Wednesday 30 October 2019

Washington Irving's The Legend of Sleepy Hollow

Written in 1820 before Halloween as we know it even existed, the best known and loved of Washington Irving's stories has become a Halloween classic... Perhaps even the Halloween classic. This status is no doubt due as much to Walt Disney's classic animated version appearing on televisions throughout the United States and Canada as to the qualities of Irving's writing itself. Nevertheless, in The Legend of Sleepy Hollow, Irving taps into a primal vein. Published alongside his other most famous story Rip Van Winkle in The Sketch Book of Geoffrey Crayon, Gent., Irving adapts an archetypal European myth into the colonial milieu, itself a period of primal myth-making for American culture. Against the backdrop of autumn in New York and the American Revolution comes this potent story of ghostly pursuit. You have George Washington, Paul Revere, Ben Franklin, Betsy Ross... and the Headless Horseman.

Many North American tall tales have their roots in European legends and ghost stories. A particularly horrific one is known as the "Wild Hunt": those dark, moonlit nights when a phantasmagorical troupe of spectral huntsmen charge through forest roads astride their night-mares, cursing, killing or carrying off any mortal in their path. A popular modern American version of it is the song "(Ghost) Riders in the Sky: A Cowboy Legend," written by Stan Jones while he worked for the US National Parks Service in Death Valley. The better-known American take on the Wild Hunt is, of course, The Legend of Sleepy Hollow.

The Headless Horseman pursuing Ichabod Crane by John Quidor, 1858.

Wednesday 16 October 2019

William Hope Hodgson's The Voice in the Night

There are a few things that we, the ordinary creatures of the world, share our planet with that seem like they should be from another. Echinoderms are one such group: unlike most animals, which have bilateral symmetry (an even number of appendages and orifices, such that each half is a mirror image of the other), the group composed of starfish, brittlestars, sand dollars, sea lilies, and sea urchins have radial symmetry... A bizarrely alien odd-numbered arrangement of limbs. Another is fungus. 

Though superficially similar to plants, they lack the common decency to be plants. Instead, they occupy their own niche, mainly revolving around the consumption of decaying matter. While many types are a food source, their instrumental role in the cycle of decomposition gives them a disquieting association with rot and corruption. For many people, they are an allergen, and some varieties are outright toxic. Altogether they are revolting organisms.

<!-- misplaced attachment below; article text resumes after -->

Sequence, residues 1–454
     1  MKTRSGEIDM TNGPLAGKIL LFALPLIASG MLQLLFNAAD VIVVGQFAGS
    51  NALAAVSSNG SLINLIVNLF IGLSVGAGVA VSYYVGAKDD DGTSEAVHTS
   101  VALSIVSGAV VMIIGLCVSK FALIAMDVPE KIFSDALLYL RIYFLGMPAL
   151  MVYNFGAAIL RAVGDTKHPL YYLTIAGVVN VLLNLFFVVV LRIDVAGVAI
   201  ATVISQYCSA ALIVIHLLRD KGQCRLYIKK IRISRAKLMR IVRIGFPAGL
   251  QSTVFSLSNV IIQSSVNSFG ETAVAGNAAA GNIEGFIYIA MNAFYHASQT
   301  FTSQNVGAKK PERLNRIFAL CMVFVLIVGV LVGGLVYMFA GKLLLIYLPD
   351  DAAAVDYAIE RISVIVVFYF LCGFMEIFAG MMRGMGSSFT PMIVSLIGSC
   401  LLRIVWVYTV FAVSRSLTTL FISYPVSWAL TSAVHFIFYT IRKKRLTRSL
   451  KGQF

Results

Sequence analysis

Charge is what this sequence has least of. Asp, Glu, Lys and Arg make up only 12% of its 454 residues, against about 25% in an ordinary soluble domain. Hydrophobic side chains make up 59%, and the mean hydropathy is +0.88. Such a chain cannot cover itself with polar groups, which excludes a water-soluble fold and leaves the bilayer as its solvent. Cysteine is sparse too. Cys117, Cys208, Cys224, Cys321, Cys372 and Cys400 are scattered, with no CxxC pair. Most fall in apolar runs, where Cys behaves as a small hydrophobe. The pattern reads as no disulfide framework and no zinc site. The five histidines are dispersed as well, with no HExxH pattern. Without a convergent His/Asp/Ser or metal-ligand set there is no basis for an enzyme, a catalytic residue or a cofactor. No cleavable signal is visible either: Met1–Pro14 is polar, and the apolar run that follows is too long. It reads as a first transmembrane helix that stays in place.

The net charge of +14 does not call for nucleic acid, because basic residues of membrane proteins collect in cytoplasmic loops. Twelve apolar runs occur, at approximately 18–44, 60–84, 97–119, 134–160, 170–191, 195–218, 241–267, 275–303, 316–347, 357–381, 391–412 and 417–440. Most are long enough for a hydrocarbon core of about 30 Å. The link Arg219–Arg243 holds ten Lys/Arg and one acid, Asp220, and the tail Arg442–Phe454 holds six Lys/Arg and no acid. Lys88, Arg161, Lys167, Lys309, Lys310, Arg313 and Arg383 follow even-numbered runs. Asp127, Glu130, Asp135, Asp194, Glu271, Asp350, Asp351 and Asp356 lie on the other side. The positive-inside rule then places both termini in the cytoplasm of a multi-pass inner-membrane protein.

Those attributes make fungus a prime candidate for stories of horror. Bram Stoker describes the boxes Dracula brings with him aboard the doomed ship Demeter not so much being filled with earth as with mould. H.P. Lovecraft said of his Dunwich that "it is hard to prevent the impression of a faint, malign odour about the village street, as of the massed mould and decay of centuries." Some storytellers have taken it a step further, from fungus being a symbol of corruption and decay to being the active agents of it. William Hope Hodgson accomplished this in his disquieting story The Voice in the Night, originally published in Blue Book Magazine in November 1907. 

Wednesday 2 October 2019

Ferdinand Zecca's À la conquête de l'air

In one short but majestic minute, French special effect pioneer Ferdinand Zecca introduced the world to the first ever film to depict aviation. 

Born in Paris in 1864, Zecca's career in theatre segued into film, first through Gaumont and then to Pathé. As a favour to Charles Pathé, Zecca set-up the company's exhibit at the 1900 Exposition Universelle and soon became indispensable as Pathé's right hand man. When the company looked to evolve beyond "actualities", short shots of everyday events, Zecca was given free reign to experiment with Scientific Romances, fairy tales, and religious films. His own realization of La Belle au bois dormant was released in 1902, Les Aventures de Don Quichotte in 1903, and La Passion de Notre-Seigneur Jésus Christ (La Vie et la Passion de Jésus Christ) in 1905, among many, many other films. 

À la conquête de l'air is one of his earlier films, released in 1901. Though only a minute in length, it is an extremely complicated subject. The short depicts Zecca himself piloting a kind of aerial bicycle over the neighbourhood of Belleville, Paris. His method for achieving the effect - which allows the towers of the city to be seen through the spokes of his bicycle - isn't entirely obvious and demonstrates an accomplished understanding of trick photography. His aerial bicycle is the very image of Scientific Romance, taking him on a flight of fancy two years before the Wright Brothers' accomplishment at Kittyhawk.